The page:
United Nations: Ambassador Asoke Kumar Mukerji has taken charge as India's new Permanent Representative to the UN and presented his credentials to Secretary-General Ban Ki-moon who lauded India's role as a "long trusted partner" of the multilateral system.
Ban welcomed Mukerji's appointment and lauded India's key role at the UN as a long trusted partner of the multilateral system, a statement released by the Indian mission here said.
Mukerji reiterated India's strong commitment to the world body and assured the UN Chief of his full support in helping the UN achieve the five 'generational' opportunities the UN Secretary General had set out at the commencement of his second term.
Prior to his appointment in New York, Mukerji was Special Secretary (Political) in the Ministry of External Affairs in New Delhi looking after India's strategic and security policy consultations in its immediate and extended neighbourhood.
He is India's 20th Permanent Representative at the UN, succeeding Ambassador Hardeep Singh Puri who demitted office in February.

India for expansion of UNSC

India has underlined the need for expansion of the UN Security Council saying that no change in its composition in decades is an "unnatural situation of stagnation" in a dynamic and rapidly changing international environment.
Mukerji said the last expansion of the Council that took place in 1963 which saw a "modest" change in membership from 11 to 15.
While 80 more countries have joined the United Nations since then, composition of its premier body UNSC, which is mandated to maintain international peace and security, has not undergone even the slightest change. "This is an unnatural situation of stagnation in a dynamic and rapidly changing international environment," Mukerjee said at the 9th Round of Intergovernmental Negotiations (IGN) on the question of equitable representation on and increase in the membership of the Security Council on Tuesday.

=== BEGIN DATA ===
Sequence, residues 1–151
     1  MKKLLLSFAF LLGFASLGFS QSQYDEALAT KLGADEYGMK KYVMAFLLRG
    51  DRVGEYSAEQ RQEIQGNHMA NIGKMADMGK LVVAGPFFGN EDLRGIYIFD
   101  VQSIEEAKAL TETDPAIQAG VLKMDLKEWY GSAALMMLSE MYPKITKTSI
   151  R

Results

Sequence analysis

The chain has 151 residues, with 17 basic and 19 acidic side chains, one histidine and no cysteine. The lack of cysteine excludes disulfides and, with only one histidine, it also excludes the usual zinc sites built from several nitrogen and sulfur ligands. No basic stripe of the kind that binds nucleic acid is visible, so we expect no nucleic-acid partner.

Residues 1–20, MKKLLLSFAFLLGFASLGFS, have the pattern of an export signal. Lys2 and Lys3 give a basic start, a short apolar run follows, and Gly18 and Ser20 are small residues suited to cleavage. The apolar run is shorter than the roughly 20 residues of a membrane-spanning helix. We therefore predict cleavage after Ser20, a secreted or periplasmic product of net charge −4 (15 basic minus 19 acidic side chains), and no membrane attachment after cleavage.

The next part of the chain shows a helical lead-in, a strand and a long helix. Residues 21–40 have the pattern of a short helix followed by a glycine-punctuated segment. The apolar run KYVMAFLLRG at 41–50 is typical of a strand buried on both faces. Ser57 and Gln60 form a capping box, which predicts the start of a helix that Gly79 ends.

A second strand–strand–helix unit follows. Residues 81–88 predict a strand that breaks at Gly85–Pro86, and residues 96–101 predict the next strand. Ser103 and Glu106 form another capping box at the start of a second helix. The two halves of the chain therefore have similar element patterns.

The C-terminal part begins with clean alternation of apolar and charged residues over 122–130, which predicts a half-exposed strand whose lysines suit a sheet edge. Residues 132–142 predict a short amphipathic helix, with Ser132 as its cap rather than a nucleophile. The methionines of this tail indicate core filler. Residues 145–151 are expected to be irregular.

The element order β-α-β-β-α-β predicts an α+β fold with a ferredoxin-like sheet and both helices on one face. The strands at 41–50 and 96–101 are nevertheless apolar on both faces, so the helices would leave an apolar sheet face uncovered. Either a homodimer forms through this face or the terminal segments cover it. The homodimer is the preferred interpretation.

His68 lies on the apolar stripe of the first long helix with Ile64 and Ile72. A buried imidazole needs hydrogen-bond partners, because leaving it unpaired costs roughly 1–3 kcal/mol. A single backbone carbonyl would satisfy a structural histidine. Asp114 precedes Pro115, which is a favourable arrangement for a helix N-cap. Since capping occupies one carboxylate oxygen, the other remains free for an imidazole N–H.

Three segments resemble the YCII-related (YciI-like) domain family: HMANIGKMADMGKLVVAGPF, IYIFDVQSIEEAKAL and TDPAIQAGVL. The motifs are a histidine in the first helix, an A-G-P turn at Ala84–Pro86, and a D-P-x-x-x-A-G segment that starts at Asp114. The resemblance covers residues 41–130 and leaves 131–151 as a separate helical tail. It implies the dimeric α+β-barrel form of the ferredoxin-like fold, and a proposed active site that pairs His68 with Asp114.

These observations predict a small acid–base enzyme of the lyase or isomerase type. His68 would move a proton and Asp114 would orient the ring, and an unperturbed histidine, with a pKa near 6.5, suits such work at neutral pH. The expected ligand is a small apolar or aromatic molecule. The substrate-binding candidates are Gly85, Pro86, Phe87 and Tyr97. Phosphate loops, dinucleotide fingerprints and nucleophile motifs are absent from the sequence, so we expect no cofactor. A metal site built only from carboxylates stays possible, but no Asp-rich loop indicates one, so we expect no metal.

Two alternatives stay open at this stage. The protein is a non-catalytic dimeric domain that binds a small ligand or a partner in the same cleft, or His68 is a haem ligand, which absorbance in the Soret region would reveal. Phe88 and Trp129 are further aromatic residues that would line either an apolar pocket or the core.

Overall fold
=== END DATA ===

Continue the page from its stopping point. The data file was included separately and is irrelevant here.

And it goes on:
"Reform of institutions of global governance, including the UN Security Council, and ensuring that they reflect contemporary reality, has been a matter of foremost importance to my country," he said.
Mukerji described as "truly bizarre" that while nearly 80 percent of the work of the Security Council is focused on the continent of Africa, the 15-nation body has never had even one permanent member from any of the 53 states of the African continent.
Stressing that UNSC reforms are more compelling than ever before, Mukerji said it would be a matter of time when the body may "either have to willingly embrace change, or be made to accept change as a 'fait accompli'."

Mukerji said there is need for nations to move from words to action and not merely repeat old stated positions to achieving tangible progress. A 'concise working document' that would help kick start real negotiations is the need of the hour, he said. It is important to outline how the world body plans to proceed to initiate real negotiations on the substantive proposals on the table.
"We must avoid falling into long periods of 'stasis and inertia'...it is imperative that the IGN take place at a 'pace and frequency' that befits the subject matter it deliberates."
Noting that The L69 (a group of countries from Africa, Latin America and the Caribbean, Asia and the Pacific) and the African group have converged, Mukerji said the constituency for reforms is increasing by the day.


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